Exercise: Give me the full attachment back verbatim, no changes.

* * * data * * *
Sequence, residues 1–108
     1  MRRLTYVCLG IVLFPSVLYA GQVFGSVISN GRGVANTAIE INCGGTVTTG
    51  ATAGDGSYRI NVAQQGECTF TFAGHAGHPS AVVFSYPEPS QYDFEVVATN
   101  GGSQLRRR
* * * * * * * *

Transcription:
Sequence, residues 1–108
     1  MRRLTYVCLG IVLFPSVLYA GQVFGSVISN GRGVANTAIE INCGGTVTTG
    51  ATAGDGSYRI NVAQQGECTF TFAGHAGHPS AVVFSYPEPS QYDFEVVATN
   101  GGSQLRRR